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IRS Won’t Process New Employee Retention Credit (ERC) Claims

March 21, 2024 Uncategorized

The IRS Halts Processing of New Employee Retention Credit Claims

The Internal Revenue Service (IRS) recently announced that they will stop processing any new claims for the Employee Retention Credit (ERC) until at least 2024. This pause on new ERC claims began on September 14, 2022.

What is the Employee Retention Credit?

The ERC was a tax credit created in 2020 under the Coronavirus Aid, Relief, and Economic Security (CARES) Act to help businesses retain employees during the COVID-19 pandemic. Eligible employers could claim a tax credit of up to $5,000 per employee based on qualified wages paid. The credit was originally set to expire at the end of 2020 but was extended multiple times, finally expiring in October 2021. While the ERC provided much-needed relief for many businesses impacted by the pandemic, the IRS has seen a major uptick in questionable and potentially fraudulent claims in 2022 and 2023.

Why the IRS Halted New ERC Claims

After consulting with stakeholders like tax professionals and payroll providers, the agency decided to temporarily stop processing new claims so they can address some issues that have arisen:

  • Surge in Suspicious Claims – The IRS has seen a significant increase in dubious ERC claims this year, many of which appear to be attempts to inappropriately obtain the credit.
  • Concerns from Tax Pros – Many tax professionals expressed worries to the IRS about the validity of recent ERC claims.
  • Protecting Taxpayers – By stopping new claims, the IRS aims to protect taxpayers from potential ERC-related scams and fraud.
  • Time to Review – This pause will give the IRS time to review the situation and determine next steps for properly administering this credit.

IRS Commissioner Chuck Rettig stated that the agency has seen a rapid rise in amended payroll tax filings this year from businesses claiming the ERC for the first time. Many of these filings were suspicious or clearly invalid.

What the Moratorium Means

This new policy from the IRS applies to any original or amended ERC claims filed on or after September 14, 2022. Here are some key implications:

  • No New Claims Processed – Any new or amended ERC claims will not be processed by the IRS until at least 2024.
  • Existing Claims Still Processed – ERC claims filed before September 14, 2022 will continue to be processed and paid out if valid.
  • Option to Withdraw Claims – Taxpayers who have filed a claim but not yet received the credit can voluntarily withdraw their ERC claim.
  • No Timeline Yet – The IRS has not provided a specific timeline for when they will resume processing new claims.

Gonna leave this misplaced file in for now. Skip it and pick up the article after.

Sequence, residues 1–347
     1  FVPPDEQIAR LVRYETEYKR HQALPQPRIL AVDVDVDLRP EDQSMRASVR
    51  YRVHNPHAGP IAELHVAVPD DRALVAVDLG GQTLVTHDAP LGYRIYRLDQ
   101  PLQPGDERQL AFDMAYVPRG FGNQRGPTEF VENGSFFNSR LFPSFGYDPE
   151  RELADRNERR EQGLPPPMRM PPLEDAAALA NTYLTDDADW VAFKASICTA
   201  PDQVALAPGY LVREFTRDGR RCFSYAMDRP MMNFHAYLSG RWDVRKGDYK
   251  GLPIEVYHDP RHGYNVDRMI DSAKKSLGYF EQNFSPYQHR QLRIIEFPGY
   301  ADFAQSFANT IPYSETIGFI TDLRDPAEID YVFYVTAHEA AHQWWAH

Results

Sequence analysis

• Potential Additional Guidance – The IRS may issue further guidance related to the ERC if they determine more changes are needed.

Essentially, this moratorium hits the pause button on new ERC claims. All pending and newly filed claims will sit at the IRS until they decide how to handle this issue and reopen processing. Taxpayers are also given the option to withdraw ERC claims if they choose.

What to Do If You Already Filed an ERC Claim

If you already filed an amended return to claim the ERC but have not yet received the credit from the IRS, you have a few options:

  • Wait for Processing – You can wait for the IRS to eventually process your claim, which may not happen until 2024 or later.
  • Withdraw Your Claim – Alternatively, you can proactively withdraw your ERC claim by contacting the IRS.
  • Consult a Tax Professional – Discuss your specific situation with a tax professional to determine your best course of action.

Withdrawing your claim means informing the IRS that you no longer want to claim the ERC and giving up your right to the credit. This may be the simplest option until the IRS provides more clarity.

Maintaining Documentation

Since the IRS will be heavily scrutinizing ERC claims whenever they resume processing, it’s essential for taxpayers to maintain good records. Here are some key documents you should retain related to your ERC claim:

  • Payroll Records
  • Proof of Business Operations
  • Qualified Wage Documentation
  • Tax Filings and Returns

Thorough records will help support your ERC claim and improve your chances of receiving the credit down the road. The IRS will likely be asking for documentation from many taxpayers related to ERC claims.

If Your ERC Claim Was Rejected

Some taxpayers who filed ERC claims on amended returns have already had their claims rejected by the IRS before this new moratorium went into effect. If your ERC claim was previously denied, you may be able to appeal or amend and refile your claim. However, with the IRS currently not processing new ERC claims, your options are limited if your claim was already rejected.Speaking with a knowledgeable tax advisor may be your best option if your ERC claim was previously denied. It’s also crucial to retain all documentation related to a rejected claim in case you need to provide further proof when the IRS resumes processing. Thorough records will be key to successfully claiming this credit down the road.

The Bottom Line

This moratorium indicates the IRS is cracking down on potentially fraudulent ERC claims. If you filed a legitimate claim, maintain good records and be prepared to substantiate your eligibility for the credit. Consulting a tax professional can also help navigate the situation. While processing is halted, taxpayers can either withdraw claims or wait for the IRS to provide further guidance.

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